discontent

well that
   believe me
is one fire escape
i will never
   fall down again



(c) 2017, by Hannah Six

Photo: Derek Jensen (Tysto)

Tuesday, July 11, 2017

Haiku for Day 174


Beneath an unbruised snow
Where my toes are pink and warm
Softly, you gather me



(c) 2017, by Hannah Six

Image: Steven Milner via imgcluster

Monday, July 10, 2017

In a Daze (Day 173)

Inside, more spacious,
emptier, room
to think. Silence, cool
and dark, a curtain 
drawn against 
the hysteria outside.
Sink into clear air.
Allow. Nothing more
than nothing, simply
exploring each breath.



(c) 2017, by Hannah Six

Amazing image by Andrew Preble 
(@apreble via Unsplash.com)

Sunday, July 9, 2017

Persephone in the Afternoon (Day 172)

I can see Persephone 
waving to me
as we pull our way 
toward the opposite shore. 
The crossing is dark,
barely lit by a spark,
that seems to glow
and grow from the deep.
For a moment, I'm blind,
afternoon light floods in
as I struggle to climb
out of sleep. Then again, 
and a whoosh, as our hull 
scrapes the ground—
with a rush we’ve emerged, 
from the night.
Sudden sunlight bursts free,
Yet, squinting, I see 
a dim, but heartbreaking, 
sight—lovely Persephone,
in a vanishing fog, motioning, 
still waving to me.


(c) 2017, by Hannah Six


Image: The Return of Persephone, Frederick Leighton, 1891

Saturday, July 8, 2017

A Painful Two-fer (Day 171)


The Goose-Egg Blues
Oh, you're a long narrow staircase,
And I ain't playin' with you no more.
Yeah, you're a long steep staircase, 
And I ain't playin' with you no more,
'Specially since you threw me 
Headfirst into that door.


After the Fall
Bumps, bruises and a few contusions
Have robbed me of my grand illusions
About using crutches to go downstairs;
So, for now, I'll just embrace seclusion

(c) 2017, by Hannah Six

Notes:
- I have no idea what's gonng on with the spacing
- Photo of Iowa Capitol Law Library by Jason Mrachina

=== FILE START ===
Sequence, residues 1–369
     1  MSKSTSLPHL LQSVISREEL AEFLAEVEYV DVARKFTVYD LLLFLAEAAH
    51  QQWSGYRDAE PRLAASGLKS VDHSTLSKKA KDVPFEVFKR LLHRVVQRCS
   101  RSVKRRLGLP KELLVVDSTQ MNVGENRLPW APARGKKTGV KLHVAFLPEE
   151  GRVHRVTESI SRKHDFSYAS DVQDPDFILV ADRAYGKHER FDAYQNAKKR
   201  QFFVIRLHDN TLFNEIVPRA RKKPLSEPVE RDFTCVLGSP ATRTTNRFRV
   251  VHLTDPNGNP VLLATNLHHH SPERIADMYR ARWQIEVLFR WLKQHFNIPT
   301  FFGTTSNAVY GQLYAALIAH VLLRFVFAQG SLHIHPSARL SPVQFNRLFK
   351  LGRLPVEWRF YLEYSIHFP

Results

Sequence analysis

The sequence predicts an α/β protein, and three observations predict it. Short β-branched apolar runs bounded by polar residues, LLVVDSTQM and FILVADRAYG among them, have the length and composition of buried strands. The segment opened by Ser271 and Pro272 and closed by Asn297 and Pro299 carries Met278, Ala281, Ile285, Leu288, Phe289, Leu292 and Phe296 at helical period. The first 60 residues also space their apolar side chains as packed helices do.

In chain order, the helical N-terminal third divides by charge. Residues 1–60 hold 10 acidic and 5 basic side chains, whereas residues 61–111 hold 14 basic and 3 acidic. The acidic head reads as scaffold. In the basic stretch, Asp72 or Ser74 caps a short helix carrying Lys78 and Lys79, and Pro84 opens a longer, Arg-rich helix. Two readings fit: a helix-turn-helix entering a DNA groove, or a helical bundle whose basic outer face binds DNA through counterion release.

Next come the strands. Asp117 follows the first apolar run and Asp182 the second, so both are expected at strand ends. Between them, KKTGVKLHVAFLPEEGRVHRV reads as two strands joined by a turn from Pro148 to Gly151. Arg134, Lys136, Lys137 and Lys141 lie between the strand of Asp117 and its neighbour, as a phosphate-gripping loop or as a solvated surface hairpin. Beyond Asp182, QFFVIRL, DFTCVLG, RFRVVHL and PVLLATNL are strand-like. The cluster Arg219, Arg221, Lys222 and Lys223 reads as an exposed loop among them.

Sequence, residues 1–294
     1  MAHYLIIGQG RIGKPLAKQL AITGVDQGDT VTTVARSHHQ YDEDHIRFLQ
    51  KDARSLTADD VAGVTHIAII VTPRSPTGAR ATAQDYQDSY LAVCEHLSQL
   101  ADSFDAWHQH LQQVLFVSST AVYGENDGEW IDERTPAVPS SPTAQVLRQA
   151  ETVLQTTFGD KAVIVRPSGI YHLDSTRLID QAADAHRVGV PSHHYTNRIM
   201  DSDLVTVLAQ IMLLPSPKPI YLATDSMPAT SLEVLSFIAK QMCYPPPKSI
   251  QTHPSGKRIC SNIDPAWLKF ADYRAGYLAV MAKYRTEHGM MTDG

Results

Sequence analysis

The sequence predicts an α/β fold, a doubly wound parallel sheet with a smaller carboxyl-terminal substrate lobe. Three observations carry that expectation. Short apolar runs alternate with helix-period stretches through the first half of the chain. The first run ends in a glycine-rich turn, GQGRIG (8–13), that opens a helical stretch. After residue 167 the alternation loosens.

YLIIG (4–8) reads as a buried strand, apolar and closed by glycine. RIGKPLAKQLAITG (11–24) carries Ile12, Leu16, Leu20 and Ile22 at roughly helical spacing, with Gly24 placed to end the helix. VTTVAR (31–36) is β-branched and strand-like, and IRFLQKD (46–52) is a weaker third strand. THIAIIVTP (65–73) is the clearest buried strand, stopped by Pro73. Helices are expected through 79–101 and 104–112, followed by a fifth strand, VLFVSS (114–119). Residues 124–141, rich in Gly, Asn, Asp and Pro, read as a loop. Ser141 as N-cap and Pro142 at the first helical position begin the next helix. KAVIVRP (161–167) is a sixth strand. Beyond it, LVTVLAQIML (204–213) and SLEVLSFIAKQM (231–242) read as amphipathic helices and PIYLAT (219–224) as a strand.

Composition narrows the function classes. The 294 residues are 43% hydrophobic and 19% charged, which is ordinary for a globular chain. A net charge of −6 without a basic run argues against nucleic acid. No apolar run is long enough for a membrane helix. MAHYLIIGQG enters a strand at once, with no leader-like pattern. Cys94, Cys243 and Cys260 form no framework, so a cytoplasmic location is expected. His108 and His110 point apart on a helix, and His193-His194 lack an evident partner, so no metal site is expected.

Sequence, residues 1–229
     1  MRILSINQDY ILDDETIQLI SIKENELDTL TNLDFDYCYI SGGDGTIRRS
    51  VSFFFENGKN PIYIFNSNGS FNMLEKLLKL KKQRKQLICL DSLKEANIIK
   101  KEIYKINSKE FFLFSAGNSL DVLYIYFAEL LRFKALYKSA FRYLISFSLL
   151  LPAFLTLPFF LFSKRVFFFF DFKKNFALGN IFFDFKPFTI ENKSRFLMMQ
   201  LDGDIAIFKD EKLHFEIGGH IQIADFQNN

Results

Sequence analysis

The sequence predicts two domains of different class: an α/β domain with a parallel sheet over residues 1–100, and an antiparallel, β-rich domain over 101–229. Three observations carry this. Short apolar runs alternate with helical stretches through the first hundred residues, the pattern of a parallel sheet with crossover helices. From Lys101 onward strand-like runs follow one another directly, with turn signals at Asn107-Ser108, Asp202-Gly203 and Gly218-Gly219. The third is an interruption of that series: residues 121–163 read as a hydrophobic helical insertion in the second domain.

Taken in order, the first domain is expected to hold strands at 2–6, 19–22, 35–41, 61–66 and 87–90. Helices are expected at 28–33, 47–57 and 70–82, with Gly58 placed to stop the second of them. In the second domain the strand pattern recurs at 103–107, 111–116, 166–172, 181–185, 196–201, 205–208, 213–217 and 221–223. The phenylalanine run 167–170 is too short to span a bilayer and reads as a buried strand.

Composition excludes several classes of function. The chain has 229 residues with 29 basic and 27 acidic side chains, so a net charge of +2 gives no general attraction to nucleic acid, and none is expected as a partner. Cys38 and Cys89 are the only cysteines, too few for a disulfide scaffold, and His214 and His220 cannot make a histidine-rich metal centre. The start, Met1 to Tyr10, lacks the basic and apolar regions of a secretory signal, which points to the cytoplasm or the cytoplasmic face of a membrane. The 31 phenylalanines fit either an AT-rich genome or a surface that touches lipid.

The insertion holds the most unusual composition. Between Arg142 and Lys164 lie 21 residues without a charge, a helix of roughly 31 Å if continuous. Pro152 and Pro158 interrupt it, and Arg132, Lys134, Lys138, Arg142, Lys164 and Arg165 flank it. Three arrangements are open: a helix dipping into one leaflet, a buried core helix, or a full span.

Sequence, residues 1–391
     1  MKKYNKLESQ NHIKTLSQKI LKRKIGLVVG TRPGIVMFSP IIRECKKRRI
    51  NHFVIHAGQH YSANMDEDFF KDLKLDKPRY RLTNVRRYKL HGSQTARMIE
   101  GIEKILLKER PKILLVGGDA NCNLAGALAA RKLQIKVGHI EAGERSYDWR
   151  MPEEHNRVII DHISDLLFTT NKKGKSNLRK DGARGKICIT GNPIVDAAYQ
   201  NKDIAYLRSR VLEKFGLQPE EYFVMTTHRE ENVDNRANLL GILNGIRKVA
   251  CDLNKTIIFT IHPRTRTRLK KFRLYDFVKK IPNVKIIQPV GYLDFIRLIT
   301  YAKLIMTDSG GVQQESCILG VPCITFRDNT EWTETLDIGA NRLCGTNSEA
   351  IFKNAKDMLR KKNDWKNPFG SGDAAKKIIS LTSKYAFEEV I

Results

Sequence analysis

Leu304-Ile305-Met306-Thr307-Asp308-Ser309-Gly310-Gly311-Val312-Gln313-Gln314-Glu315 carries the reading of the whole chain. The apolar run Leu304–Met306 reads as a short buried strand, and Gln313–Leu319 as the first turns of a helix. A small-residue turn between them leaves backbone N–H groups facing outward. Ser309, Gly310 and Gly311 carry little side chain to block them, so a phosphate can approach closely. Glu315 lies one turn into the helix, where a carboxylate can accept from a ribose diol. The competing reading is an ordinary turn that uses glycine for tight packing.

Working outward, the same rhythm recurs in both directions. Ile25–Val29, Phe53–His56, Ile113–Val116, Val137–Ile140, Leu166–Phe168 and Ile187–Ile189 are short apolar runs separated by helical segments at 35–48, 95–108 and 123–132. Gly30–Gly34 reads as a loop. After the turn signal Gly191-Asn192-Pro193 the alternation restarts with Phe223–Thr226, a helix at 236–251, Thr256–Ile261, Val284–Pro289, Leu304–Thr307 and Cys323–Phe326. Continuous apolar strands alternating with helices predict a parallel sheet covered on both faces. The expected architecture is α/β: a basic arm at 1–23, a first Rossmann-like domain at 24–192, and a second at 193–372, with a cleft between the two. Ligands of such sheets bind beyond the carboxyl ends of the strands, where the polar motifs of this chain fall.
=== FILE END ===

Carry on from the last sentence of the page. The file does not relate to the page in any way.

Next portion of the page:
Friday, July 7, 2017

In Darkness, He (Day 170)


Often, 
in darkness, he 
sends his dogs 
to dig, to jail, 
or to crop, and 
until they return,
muzzles coated 
with mud and worse, 
he threads 
his needle 
with the guts 
of freedom.   
Headed uphill, 
he believes he is
given to empathy. 
He nods to 
the left  
a motion he wants 
to make, but he insists, 
they
may not skip
the vows 
of trust and loyalty.
In darkness, now, he
aims 
his twisted dream 
at certain angels 
of our better nature,
and tightens
his finger.



(c) 2017, by Hannah Six

Original Image: Benjamin Applebaum

Thursday, July 6, 2017

Blue is the Hour (Day 169)

Blue 
is the hour 
when you 
come home,

the twilit moment 
when, alone, I 
put down my pen
and turn 
inside-out
toward 

the window,
gauging the light,
delighting in 
the soft summer 
sparkle of fireflies,
before you 
arrive.


(c) 2017, by Hannah Six

Photo: Oia, Santorini: Blue Hour, Pedro Szekely

Wednesday, July 5, 2017

Four Hours Later (Day 168)

More than four hours later, we emerge, 
squinting into a July afternoon, absorbing 
its heat into blood, fingers, and toes. 

More than four hours and yet we know 
—is this even possible?—less than 
when we arrived. Did they hear what I said? 
No, the thick summary tells me. What I sensed, 
was true. 

While you read your book and simmered in 
a stew of frustration, boredom, helplessness; 
while the aides arranged their upcoming vacation 
days; while I stared at the walls in a haze 
of pain and killers of pain, a few people 
worked, very slowly, at 

not finding answers, not offering a single comfort, 
not understanding the meaning of “cannot stand 
or walk on it”, not making accurate notations.

When all was said and done, we walked away with 
an assurance that a bone I never suspected was 
broken or dislocated is, in fact, intact.

They told me I needed to lose weight—I am a woman, 
after all—then politely, but soundly, dismissed me. 
And that—believe me—was a skill 
at which they were very practiced, indeed.



(c) 2017, by Hannah Six

Image: A Souvenir, John William Godward, 1920

Tuesday, July 4, 2017

A fan, a violin... (Day 167)


A fan, a violin, a ticket 
on a swaying train,
waiting like some self-satisfied 
grande dame enshrouded 
by her veil of steam. Wheels 
sing on cobblestone streets, but 
in the sprawling park, duets walk 
and listen appreciatively 
to a handsome mockingbird. 
Summer sulks, and whispers in 
equatorial tones, painted in red 
dust and canopied windows, 
behind which translucent ladies fan 
themselves and pretend not 
to sweat. The men, dangling 
cigarettes in a darkened library, 
admit nothing to their wives—mere 
trophies or, at best, beloved pets—
whose delicate natures, their men 
believe, could not tolerate the harsh 
daylight glare of their midnight 
mistresses. Falsehoods, fraught 
with thorns and slickly oiled, flare 
like matches, only to burn out 
and leave behind only untrustworthy 
images in their wake.


(c) 2017, by Hannah Six

Vintage photo: Afternoon Tea, Bombay 1897